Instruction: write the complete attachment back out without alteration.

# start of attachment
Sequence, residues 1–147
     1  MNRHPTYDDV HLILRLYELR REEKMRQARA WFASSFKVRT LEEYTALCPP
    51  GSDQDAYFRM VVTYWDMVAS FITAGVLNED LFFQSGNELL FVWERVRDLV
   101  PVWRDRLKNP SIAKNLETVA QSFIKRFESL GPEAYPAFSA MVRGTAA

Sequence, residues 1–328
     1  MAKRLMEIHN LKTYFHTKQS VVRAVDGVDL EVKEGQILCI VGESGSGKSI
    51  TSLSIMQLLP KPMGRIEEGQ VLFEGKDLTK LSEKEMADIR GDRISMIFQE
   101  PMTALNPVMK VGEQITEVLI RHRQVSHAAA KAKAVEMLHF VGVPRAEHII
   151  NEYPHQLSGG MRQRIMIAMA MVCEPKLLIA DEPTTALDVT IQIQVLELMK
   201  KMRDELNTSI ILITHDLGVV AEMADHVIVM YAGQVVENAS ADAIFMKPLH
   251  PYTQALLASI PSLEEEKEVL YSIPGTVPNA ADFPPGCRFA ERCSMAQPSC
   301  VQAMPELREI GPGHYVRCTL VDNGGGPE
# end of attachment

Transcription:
Sequence, residues 1–147
     1  MNRHPTYDDV HLILRLYELR REEKMRQARA WFASSFKVRT LEEYTALCPP
    51  GSDQDAYFRM VVTYWDMVAS FITAGVLNED LFFQSGNELL FVWERVRDLV
   101  PVWRDRLKNP SIAKNLETVA QSFIKRFESL GPEAYPAFSA MVRGTAA

Sequence, residues 1–328
     1  MAKRLMEIHN LKTYFHTKQS VVRAVDGVDL EVKEGQILCI VGESGSGKSI
    51  TSLSIMQLLP KPMGRIEEGQ VLFEGKDLTK LSEKEMADIR GDRISMIFQE
   101  PMTALNPVMK VGEQITEVLI RHRQVSHAAA KAKAVEMLHF VGVPRAEHII
   151  NEYPHQLSGG MRQRIMIAMA MVCEPKLLIA DEPTTALDVT IQIQVLELMK
   201  KMRDELNTSI ILITHDLGVV AEMADHVIVM YAGQVVENAS ADAIFMKPLH
   251  PYTQALLASI PSLEEEKEVL YSIPGTVPNA ADFPPGCRFA ERCSMAQPSC
   301  VQAMPELREI GPGHYVRCTL VDNGGGPE